Postprint version. Published in NUCB Journal of Economics and Information Science, Volume 47, Issue 2, January 1, 2009, pages 125-136.
Copyright © 1990Taylor & Francis. This is an electronic version of an article published in NUCB Journal of Economics and Information Science. The definitive version is available at http://mba.nucba.ac.jp/cic/pdf/njeis472/09kobaya.pdf.
In a recent series of articles, Kobayashi and Grasmick have applied an extended model of deterrence and rational decision-making to a comparative study of Japanese and American workers’ violation of workplace rules. These previous studies draw from control theory in the sociological study of deviance and focus on the costs of noncompliance. The present paper, building on differential association/social learning theory, adds a new dimension—the rewards of compliance—to this comparative project. In workplace settings, decisions by workers to comply or not comply with rules are based on perceptions of punishment associated with noncompliance and on perceptions of rewards associated with compliance. A review of the literature on socialization in Japan compared to the United States leads to two hypotheses: (1) Japanese workers, compared to their American counterparts, perceive greater punishment for noncompliance, and (2) Japanese workers, compared to their American counterparts, perceive lower rewards for compliance. Analysis of survey data collected from hospital employees in Japan and in the United States provides strong support for both hypotheses.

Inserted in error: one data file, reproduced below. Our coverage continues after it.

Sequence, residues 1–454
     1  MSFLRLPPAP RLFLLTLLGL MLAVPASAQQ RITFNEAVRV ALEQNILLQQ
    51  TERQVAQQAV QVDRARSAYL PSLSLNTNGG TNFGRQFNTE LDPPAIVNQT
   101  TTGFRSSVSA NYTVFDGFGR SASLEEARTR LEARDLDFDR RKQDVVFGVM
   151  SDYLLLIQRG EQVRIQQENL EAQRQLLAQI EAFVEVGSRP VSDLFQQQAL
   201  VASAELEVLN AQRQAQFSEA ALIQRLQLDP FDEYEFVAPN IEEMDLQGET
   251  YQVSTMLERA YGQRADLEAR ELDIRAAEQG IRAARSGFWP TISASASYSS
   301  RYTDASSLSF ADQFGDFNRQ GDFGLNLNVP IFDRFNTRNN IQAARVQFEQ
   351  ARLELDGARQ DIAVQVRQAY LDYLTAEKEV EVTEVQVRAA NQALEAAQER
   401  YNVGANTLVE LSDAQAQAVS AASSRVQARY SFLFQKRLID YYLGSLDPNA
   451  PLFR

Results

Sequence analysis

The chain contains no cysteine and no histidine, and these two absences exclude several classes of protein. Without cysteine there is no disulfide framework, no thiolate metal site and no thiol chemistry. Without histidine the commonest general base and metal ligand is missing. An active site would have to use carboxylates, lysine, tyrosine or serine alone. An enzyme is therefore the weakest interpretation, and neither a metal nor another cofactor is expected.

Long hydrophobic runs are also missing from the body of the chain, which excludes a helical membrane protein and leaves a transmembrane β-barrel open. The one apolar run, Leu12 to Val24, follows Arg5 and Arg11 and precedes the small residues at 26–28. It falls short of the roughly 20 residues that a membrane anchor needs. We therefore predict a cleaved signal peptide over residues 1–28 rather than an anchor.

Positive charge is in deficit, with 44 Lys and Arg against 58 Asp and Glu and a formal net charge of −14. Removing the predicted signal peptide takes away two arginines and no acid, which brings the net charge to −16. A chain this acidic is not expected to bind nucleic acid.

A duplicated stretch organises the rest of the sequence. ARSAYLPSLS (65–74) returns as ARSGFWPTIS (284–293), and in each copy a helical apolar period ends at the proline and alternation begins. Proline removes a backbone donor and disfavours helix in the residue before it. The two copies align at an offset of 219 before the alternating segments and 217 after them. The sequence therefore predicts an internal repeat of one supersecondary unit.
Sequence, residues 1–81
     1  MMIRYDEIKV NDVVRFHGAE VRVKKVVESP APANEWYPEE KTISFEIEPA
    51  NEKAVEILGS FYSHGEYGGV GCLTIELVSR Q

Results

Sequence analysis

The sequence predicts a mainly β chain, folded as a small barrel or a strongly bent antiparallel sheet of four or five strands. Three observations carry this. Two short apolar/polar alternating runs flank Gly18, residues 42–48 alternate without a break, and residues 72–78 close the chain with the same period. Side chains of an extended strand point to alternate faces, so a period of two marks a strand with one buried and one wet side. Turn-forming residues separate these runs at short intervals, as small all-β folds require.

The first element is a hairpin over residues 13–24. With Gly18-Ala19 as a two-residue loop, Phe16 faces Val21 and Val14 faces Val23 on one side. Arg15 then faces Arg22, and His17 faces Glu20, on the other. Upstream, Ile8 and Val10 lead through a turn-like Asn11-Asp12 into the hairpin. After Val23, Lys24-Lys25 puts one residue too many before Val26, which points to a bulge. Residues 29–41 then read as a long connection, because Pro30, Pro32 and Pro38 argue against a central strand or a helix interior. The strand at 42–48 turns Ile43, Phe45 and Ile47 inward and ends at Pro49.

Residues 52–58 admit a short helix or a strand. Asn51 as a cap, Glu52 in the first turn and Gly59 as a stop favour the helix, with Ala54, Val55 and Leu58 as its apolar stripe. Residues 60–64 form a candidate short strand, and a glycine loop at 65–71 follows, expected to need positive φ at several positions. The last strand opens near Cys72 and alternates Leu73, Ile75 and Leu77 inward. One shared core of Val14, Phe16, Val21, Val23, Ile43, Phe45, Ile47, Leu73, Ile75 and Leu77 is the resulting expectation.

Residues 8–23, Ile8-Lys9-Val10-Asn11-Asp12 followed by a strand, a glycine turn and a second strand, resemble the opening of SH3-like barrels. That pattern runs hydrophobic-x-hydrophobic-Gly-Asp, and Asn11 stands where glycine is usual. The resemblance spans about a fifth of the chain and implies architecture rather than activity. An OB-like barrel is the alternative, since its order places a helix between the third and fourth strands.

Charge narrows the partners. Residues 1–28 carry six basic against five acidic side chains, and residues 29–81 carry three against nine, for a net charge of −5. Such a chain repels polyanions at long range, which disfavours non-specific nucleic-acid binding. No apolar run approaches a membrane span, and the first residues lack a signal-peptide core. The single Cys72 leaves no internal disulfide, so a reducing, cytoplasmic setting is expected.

Social and Behavioral Sciences